What Role for Financial Supervisors in Addressing Systemic Environmental Risks?
Since the global financial crisis, financial supervisors have developed a new macroprudential policy framework: mechanisms to identify systemic financial imbalances and instruments to address these. At the same time, a literature is rapidly developing on financial shocks that may originate from ecological imbalances, triggered by either intensified environmental policies to protect ecological boundaries or due to the economic costs of crossing these. However, financial supervisors have so far given little attention to this ecological dimension. This allows systemic financial imbalances resulting from ecological pressures to build up and concentrate in financial institutions and markets. This paper sketches the ecological dimension of the macroprudential policy framework and illustrates the working for the case of carbon emissions.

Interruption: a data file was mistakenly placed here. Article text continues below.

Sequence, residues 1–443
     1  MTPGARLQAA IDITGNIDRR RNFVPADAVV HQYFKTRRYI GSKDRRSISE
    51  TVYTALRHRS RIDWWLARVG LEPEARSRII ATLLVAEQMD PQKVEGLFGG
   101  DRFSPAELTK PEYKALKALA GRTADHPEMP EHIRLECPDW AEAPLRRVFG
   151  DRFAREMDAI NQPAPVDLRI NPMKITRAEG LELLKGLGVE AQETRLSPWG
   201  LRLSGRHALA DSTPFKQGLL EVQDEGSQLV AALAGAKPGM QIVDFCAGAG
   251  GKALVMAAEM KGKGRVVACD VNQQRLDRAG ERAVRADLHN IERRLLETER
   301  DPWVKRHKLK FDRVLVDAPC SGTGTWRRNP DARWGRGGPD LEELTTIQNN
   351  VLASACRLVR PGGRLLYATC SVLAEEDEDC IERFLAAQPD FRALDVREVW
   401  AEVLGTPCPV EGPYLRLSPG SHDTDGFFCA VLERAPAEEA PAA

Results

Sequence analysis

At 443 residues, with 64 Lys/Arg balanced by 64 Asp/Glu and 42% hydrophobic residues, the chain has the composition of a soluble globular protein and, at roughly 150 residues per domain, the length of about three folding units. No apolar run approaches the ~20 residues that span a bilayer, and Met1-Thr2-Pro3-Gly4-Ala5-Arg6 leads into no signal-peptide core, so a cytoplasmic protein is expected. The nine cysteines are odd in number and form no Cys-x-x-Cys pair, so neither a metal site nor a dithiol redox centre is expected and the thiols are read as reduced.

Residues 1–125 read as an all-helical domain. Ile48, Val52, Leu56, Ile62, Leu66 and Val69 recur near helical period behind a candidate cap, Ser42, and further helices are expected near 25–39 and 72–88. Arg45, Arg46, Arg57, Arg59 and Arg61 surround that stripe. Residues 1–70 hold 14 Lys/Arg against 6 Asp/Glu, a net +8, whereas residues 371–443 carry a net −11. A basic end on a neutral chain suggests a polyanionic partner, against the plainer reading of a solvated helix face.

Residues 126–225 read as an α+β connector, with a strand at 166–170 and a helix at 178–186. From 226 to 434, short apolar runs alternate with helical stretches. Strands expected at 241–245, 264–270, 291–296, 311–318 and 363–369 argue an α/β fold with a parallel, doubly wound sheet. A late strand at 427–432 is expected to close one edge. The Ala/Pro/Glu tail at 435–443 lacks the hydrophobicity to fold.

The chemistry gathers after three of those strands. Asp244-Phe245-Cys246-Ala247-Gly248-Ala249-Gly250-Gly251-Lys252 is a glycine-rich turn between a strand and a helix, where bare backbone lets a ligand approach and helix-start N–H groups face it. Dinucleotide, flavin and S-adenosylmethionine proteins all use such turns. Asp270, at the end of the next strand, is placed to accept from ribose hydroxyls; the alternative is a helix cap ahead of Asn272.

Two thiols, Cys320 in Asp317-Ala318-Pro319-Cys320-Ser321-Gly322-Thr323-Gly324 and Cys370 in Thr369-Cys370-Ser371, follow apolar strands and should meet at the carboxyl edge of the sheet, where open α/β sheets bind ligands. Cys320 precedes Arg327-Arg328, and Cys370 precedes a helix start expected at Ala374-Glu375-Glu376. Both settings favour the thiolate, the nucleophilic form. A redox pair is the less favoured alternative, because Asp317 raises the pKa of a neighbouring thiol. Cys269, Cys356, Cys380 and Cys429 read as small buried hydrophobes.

[A preliminary version of this paper was presented at the UNEP Inquiry/Centre for International Governance Innovation Academic Symposium on the Design of a Sustainable Financial System, held in Waterloo (Canada) in December 2014]